SAN FRANCISCO, Calif. — Gasoline prices almost always rise early in the year. Just not this fast. Or this high. The national average for a gallon of regular jumped 17 cents in the last week, reaching $3.52. In Houston Monday, the average price was $3.357 a gallon, up from $3.175 a week ago. Californians suffered even more of a shock, with the statewide average climbing 23 cents in one week, to hit $3.91 on Monday, according to a daily price survey from the AAA auto club. Gas in California now costs more than it ever
Of course, over the past few decades, gov´t done interfered with the oil markets, oil supplies, dictated 92 [yes, 92] different gasoline blends, prohibited new-refinery construction, and who knows how many other things to jack the base price of fuels up, and make supply less sure or secure.
Fox News’s Sean Hannity, that paragon of journalistic integrity, hosted six “average Americans” on his show this month who were “feeling the pain” of Obamacare. One was Paul Cox, who runs a North Carolina construction business and complained that the new law prevented him from hiring full-time employees because he would have to provide health insurance to anybody working more than 30 hours a week. “We’ve had to keep them below 30 hours or we wouldn’t be able to .?.?. stay in business and pay it,” Cox said. “It’s happening all the time,” Hannity contributed. If by “it” Hannity meant
When the new health-care law was being cobbled together, Congress decided to establish a network of nonprofit insurance companies aimed at bringing competition to the marketplace, long dominated by major insurers. But these co-ops, started as a great hope for lowering insurance costs, are already in danger. While the debut of the Affordable Care Act this month has been marred by widespread computer problems, the difficulties facing the co-ops have been less obvious to consumers. One co-op, however, has closed, another is struggling and at least nine more have been projected to have financial problems, according to internal government reviews
The House’s top investigators want to know if the Obama administration made a political decision to get rid of an online tool that would have allowed uninsured Americans to comparison-shop among private health plans on the federal Obamacare website before registering for an account. Rep. Darrell Issa, California Republican and chairman of the Committee on Oversight and Government Reform, wrote to the administration’s top information technology officers on Tuesday to demand answers about the purported maneuver. They cited committee briefings with CGI Federal — the lead contractor on HealthCare.gov, which channels Obamacare traffic from three dozen states — as the
About President Obama’s remarks on Monday in the Rose Garden on the matter of the problems plaguing the Affordable Care Act and, specifically, healthcare.gov, it seemed to me that they served a valuable purpose, at least to this extent: They distilled the Obama presidency to some of its core qualities: (a) detachment from reality; (b) misleading in its claims; (c) deeply polarizing and partisan; and (d) filled with lame excuses. But there was another noteworthy element to what the president said. I have in mind the pitiable quality of his remarks. Speaking about the Affordable Care Act, Mr. Obama kept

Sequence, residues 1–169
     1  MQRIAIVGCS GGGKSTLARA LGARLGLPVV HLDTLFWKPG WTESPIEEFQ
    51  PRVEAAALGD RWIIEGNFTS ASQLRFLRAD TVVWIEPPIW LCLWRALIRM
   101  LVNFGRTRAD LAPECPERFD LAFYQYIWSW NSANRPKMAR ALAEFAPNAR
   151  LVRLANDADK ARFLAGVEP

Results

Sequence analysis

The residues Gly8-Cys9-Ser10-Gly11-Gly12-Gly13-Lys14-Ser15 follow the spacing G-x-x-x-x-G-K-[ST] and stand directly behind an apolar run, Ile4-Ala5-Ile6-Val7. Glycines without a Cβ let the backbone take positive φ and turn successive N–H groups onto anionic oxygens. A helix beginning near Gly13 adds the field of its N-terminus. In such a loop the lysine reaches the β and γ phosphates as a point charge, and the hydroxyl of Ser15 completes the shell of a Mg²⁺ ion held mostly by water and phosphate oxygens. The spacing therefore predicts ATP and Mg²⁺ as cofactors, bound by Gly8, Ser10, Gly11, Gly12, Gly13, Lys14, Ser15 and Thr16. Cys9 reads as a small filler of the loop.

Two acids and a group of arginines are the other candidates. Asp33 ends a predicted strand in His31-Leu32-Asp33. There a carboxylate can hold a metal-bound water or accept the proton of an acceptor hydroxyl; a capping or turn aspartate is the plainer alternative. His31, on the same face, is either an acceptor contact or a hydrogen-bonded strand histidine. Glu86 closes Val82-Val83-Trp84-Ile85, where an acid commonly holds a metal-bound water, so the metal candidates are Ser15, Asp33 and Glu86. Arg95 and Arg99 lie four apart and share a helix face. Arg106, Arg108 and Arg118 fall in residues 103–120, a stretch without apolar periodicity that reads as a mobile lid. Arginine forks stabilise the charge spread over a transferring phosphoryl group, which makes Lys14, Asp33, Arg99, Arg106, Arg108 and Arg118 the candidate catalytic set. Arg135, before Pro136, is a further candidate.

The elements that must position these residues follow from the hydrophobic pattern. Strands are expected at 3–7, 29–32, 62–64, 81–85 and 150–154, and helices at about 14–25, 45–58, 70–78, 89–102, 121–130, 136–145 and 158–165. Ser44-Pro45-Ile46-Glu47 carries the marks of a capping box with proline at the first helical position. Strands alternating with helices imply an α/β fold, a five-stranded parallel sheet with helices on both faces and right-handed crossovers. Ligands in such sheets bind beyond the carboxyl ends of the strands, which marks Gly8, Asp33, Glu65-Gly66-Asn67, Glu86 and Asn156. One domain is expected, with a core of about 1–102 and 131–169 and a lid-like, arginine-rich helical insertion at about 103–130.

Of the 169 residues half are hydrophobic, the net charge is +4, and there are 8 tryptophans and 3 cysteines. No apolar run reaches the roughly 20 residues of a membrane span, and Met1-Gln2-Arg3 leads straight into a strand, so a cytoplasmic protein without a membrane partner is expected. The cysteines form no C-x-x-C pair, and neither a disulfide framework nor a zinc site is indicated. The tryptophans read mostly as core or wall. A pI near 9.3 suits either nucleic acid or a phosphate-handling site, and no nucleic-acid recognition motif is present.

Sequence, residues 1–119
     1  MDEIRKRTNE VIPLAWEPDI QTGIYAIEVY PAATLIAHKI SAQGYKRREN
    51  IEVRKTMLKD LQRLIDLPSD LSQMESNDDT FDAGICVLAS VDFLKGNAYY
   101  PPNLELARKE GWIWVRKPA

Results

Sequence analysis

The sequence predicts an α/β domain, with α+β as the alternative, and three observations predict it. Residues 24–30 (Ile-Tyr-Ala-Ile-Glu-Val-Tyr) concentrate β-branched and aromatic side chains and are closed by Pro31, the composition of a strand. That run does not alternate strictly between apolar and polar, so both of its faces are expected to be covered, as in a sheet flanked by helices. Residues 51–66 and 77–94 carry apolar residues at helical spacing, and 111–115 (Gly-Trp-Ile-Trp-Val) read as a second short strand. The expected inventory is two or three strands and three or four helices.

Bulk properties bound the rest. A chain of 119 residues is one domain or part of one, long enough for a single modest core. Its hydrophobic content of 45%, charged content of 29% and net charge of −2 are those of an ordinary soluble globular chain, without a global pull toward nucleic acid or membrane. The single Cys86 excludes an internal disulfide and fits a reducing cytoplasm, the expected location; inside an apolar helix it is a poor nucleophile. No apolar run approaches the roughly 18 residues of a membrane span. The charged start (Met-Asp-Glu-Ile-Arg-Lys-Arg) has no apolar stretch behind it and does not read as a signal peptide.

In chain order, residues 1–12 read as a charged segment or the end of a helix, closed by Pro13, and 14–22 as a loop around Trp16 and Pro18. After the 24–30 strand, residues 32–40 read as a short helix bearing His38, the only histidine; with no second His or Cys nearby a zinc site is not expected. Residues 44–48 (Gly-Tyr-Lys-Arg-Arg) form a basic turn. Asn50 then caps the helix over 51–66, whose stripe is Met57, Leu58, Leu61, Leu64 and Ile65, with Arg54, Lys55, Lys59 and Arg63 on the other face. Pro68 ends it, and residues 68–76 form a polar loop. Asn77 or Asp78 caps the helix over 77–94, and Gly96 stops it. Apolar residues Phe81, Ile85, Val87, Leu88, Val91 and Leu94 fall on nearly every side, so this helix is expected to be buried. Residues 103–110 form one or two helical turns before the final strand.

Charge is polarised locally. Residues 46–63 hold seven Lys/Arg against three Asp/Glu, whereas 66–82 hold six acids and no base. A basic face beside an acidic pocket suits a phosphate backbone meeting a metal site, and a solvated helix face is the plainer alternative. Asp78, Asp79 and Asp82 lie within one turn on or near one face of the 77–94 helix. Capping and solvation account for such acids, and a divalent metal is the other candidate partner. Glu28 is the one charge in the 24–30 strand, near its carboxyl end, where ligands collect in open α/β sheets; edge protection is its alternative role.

In 2009, at the height of debate about President Barack Obama´s stimulus plan, conservative radio host Rush Limbaugh proposed a compromise in the pages of the Wall Street Journal that would have devoted half the stimulus to tax cuts. Now, a new working paper by the National Bureau of Economic Research (NBER) concludes that Limbaugh was right, at least in terms of that portion of the stimulus that was directed to state governments. The paper, by Gerald Carlino and Robert P. Inman, finds that "ARRA [American Recovery and Reinvestment Act] assistance would have been 30 percent more effective in stimulating
President George W. Bush´s presidency began to unravel in the autumn of 2005, after the Hurricane Katrina disaster seemed to affirm much of what critics had said about the administration´s cronyism and inattention to domestic affairs. Likewise, President Barack Obama´s fifth-year fall, with Obamacare suddenly falling apart, is vindicating critics of his big-government policies and his hands-off approach to the presidency. The difference is that Obamacare was a "man-caused disaster" (to adapt administration parlance). Faced with the option of delaying the launch of the Obamacare website, the administration decided to push ahead, despite warnings from its own technical advisors and
Because the media are as desperate as Obama to see ObamaCare succeed, the faulty federal website is getting all kinds of attention. One thing that isn´t, though, is that millions among the working and middle class are losing insurance they are happy with and seeing their monthly premiums spike, sometimes by as much as 150%. You would think this brutal reality sucker-punching so many among The 99% would be a major media story. But to protect ObamaCare and its namesake, it is not. And over at the journalist site Poynter, The Washington Post´s Sarah Kliff published a rather chilling Style